29 August 2011

Always Learning.

This past weekend I got to enjoy some quality shooting time with my old friend the Mamiya/Sekor 500dtl.  My wife and I went to the International Festival in St. Louis and there were just an immense amount of people there.

When I had time I found myself attempting to shoot like Winogrand:  I set myself up in a busy area and just stood there with the crowd moving and milling around me.  It was intense!  I felt so immersed in the people.  I tried to smile and make eye contact and hopefully keep a mug that would help people feel at ease and not freak them out.  I didn't get shouted at once, they just kept moving.  I got some weird looks, sure.  But, all in all it was event free. 

When I got home, though, I'd already begun thinking.  It was taking me far too long to find the shot, frame the shot, focus... focus... then shoot.  I'd preset my meter and stayed in an area where the metering would be ideal.  But, the focusing.  That's when I came across an article discussing the markings on a lens.  Now, I'd like to think I'm not some amateur jackass with a camera just pulling the trigger on anything... but, I guess I sort of am.  I don't have a formal education in photography, but I'm trying to increase my knowledge. 

To the point, though.  I learned, just last night, that I can overcome this focusing issue by finagling the aperture and film speed settings on my camera just so to produce a very wide zone for my focal depth.  I did not know.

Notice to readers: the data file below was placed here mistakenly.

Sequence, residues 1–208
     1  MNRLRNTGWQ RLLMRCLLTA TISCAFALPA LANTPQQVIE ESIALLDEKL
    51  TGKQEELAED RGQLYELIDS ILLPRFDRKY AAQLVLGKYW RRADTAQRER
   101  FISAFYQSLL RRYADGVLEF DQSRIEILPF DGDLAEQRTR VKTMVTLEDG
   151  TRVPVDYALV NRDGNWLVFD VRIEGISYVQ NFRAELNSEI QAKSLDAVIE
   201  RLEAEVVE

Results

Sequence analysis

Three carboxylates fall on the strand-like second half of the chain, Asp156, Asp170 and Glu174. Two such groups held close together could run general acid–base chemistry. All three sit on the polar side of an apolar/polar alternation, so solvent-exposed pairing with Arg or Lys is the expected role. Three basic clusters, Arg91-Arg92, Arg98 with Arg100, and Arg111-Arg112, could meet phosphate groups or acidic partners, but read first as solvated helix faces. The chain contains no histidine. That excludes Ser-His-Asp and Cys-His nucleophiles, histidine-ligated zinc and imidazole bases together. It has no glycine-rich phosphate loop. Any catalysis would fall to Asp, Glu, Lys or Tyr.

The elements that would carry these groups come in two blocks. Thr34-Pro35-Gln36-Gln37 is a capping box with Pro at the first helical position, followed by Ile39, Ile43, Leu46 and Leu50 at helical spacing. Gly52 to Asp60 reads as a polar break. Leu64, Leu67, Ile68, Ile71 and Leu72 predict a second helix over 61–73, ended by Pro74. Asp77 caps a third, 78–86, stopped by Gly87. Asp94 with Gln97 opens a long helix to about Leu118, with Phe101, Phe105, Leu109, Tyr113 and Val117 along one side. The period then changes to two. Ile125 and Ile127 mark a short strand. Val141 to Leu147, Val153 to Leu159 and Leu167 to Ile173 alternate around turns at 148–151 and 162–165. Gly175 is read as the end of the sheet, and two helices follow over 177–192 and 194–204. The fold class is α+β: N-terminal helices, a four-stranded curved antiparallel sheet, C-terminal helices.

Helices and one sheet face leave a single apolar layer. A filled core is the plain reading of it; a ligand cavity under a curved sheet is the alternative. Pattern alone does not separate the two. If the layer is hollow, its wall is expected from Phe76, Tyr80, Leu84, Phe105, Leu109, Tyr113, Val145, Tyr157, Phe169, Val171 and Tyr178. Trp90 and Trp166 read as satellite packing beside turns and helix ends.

This information would have been nice this past weekend.  But, I learned and hopefully at the Japanese Festival next weekend I will be able to utilize the information and take better pictures. 

The afore mentioned roll of film has not yet been developed, will post pictures later this week.

05 August 2011


Have you ever wondered how to get a picture like this?

Better yet, have you ever wondered how to shoot a picture like this?

Well, I have your answer.  Those little spots at the top and bottom of the image are called sprocket holes.  You'll find them on any of your 35mm rolls of film.  Typically an image will fall between those holes as they're more for function.  The sprocket holes are for advancing the film and keeping it on track within the camera.  But, some cameras are designed to keep the film on track and advancing but still allow you to shoot an image across the entirety of the film.

The Sprocket Rocket is a panoramic camera that shoots to the sprockets.  The Lubitel 166+ is a medium format camera with accessories that allow it to shoot 35mm film.  But, due to the nature of medium format the 35mm film shoots to the sprockets.  (These great cameras and others can be found at the Lomography site)

Now, for the second question.  For more information on how to shoot pictures like these:

Check out Lomography's new site!